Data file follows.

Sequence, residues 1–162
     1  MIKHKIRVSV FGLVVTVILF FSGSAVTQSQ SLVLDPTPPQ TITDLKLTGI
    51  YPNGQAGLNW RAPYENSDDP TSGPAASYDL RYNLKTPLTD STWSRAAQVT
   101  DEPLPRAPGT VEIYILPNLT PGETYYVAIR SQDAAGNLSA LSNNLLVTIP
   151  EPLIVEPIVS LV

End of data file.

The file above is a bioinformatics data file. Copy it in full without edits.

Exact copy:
Sequence, residues 1–162
     1  MIKHKIRVSV FGLVVTVILF FSGSAVTQSQ SLVLDPTPPQ TITDLKLTGI
    51  YPNGQAGLNW RAPYENSDDP TSGPAASYDL RYNLKTPLTD STWSRAAQVT
   101  DEPLPRAPGT VEIYILPNLT PGETYYVAIR SQDAAGNLSA LSNNLLVTIP
   151  EPLIVEPIVS LV